As noted in my recent SL project update, there was an unscheduled deployment to the three Agni (main) grid release candidate (RC) channels of Bluesteel, LeTigre and Magnum on Thursday, February 18th, which saw regions on these channels undergo a rolling restart. This was followed on Friday, February 19th by rolling restarts across the Main (SLS) channel.
During the Server Beta User Group (SBUG) meeting on Thursday, April 18th, Steven Linden provided some information on why a deployment was made to the RC channels, and indicated that a similar deployment would be forthcoming on the Main (SLS) channel, and promising further information would be provided once that deployment had been made:
We had an unscheduled RC deploy earlier today. It’s for a security vulnerability that was released, and we discovered that Second Life regions were vulnerable. A full public post-mortem will be coming after we deploy to the rest of the main grid. I can’t say until it goes out to the rest of Agni; I can say that it was related to region availability only…. I honestly can’t say a great deal, other than we have a fix, and that it’s coming very soon to the rest of Agni.
True to this promise, following the Main channel roll on Friday, February 19th, April Linden blogged Why the Friday Grid Roll?
The reason essentially boiled down to a vulnerability in the GNU version of Linux used to run the grid servers. The vulnerability lay within the GNU C library, commonly referred to as glibc, which if exploited could allow remote access to a devices – be it a computer, internet router, or other connected piece of equipment. It was initially discovered by Google on Tuesday, 16th February, and was labelled CVE-2015-7547.
April’s blog post provides a concise explanation of just what went into the Lab’s security and operations teams’ efforts in ascertaining SL’s exposure to the vulnerability and developing an update to secure their servers against the vulnerability.
All of this took time – but all things considered, it was still a remarkably fast effort. The Lab went from hearing about the risk on Tuesday 16th February through to understanding the full extent of the possible exposure SL faced, to having an update coded, tested and ready for release by Thursday, which as April explained, then left them with another decision:
Do we want to roll the code to the full grid at once? We decided that since the updates were to one of the most core libraries, we should be extra careful, and decided to roll the updates to the Release Candidate (RC) channels first. That happened on Thursday morning.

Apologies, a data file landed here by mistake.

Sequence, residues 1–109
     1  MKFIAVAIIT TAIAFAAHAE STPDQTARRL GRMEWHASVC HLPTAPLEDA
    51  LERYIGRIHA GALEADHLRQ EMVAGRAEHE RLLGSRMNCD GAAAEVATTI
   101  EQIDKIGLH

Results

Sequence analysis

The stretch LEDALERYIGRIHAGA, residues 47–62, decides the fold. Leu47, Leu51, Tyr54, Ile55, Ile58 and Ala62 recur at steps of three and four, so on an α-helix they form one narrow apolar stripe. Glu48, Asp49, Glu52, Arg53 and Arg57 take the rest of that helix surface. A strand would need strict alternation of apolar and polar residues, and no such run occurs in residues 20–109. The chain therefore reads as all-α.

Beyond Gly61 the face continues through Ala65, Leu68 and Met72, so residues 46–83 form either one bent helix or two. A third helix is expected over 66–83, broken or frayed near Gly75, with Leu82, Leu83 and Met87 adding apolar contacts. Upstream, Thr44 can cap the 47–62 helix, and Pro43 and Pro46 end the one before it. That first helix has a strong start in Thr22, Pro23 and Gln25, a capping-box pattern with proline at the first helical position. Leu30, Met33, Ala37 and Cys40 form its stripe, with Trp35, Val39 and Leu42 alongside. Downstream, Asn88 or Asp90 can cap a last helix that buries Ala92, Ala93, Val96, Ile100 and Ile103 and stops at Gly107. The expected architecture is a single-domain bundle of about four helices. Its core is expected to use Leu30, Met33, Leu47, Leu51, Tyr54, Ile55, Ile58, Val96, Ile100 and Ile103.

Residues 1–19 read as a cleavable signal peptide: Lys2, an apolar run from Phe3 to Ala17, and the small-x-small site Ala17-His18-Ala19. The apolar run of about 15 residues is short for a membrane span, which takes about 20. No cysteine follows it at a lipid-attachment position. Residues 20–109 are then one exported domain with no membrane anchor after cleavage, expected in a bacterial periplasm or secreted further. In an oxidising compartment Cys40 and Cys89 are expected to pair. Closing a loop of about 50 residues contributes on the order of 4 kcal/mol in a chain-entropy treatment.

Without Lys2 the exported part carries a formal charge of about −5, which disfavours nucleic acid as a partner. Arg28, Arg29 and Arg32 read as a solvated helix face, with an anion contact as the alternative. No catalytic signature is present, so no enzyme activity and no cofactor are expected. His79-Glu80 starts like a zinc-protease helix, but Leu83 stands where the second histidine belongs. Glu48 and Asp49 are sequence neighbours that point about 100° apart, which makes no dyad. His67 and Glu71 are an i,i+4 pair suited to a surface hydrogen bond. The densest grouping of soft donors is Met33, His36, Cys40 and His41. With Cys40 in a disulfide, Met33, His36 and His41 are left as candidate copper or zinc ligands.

Given the Lab wanted to monitor how things progressed on the RC channels (which between them represent roughly 30% of the total grid), and ensure the update itself didn’t introduce anything unexpected. So it was that the deployment to the rest of the grid couldn’t be made until Friday, February 19th.
April emphasises that at no point during the known period of exposure or before, was there any attempt to use the vulnerability against the SL servers. At the time of the Thursday roll, there was some criticism directed at the Lab for the lack of warning. April also explains why this was the case:
The reason there was little notice for the roll on Thursday is two-fold. First, we were moving very quickly, and second because the roll was to mitigate a security issue, we didn’t want to tip our hand and show what was going on until after the issue had been fully resolved.
When things like unscheduled rolls are disruptive, leaving us prone to grumbling and pointing the finger, it’s perhaps worthwhile taking this incident as an example that sometimes, there are reasons why the Lab does announced things first.
April’s post is actually one of three published recently by the operations / engineering teams which provide interesting insight into what goes on behind the scenes in keeping Second Life running.
In Recent Issues with the Nightly Biller, Steven Linden provides and explanation on why some Premium members recently experienced billing issues, up to and including inadvertently receiving delinquent balance notices. Once again, the explanation of what happened and what has been done to try to ensure a similar problem doesn’t occur in the future makes for a worthwhile read.
In Tale of the Missing ACK, Chris Linden describes another unusual and challenging incident the Lab’s engineering team had to deal with when testing a new API endpoint hosted in Amazon. This again illustrates the overall complexity of the Second Life services and infrastructure, which extends far beyond the simulator servers we some often take for granted as being “the” SL service, and the complexities involved in tracking issues down when things don’t go as expected / planned.
Thanks again to April, Steven and Chris for providing the explanations and the insight into SL’s services.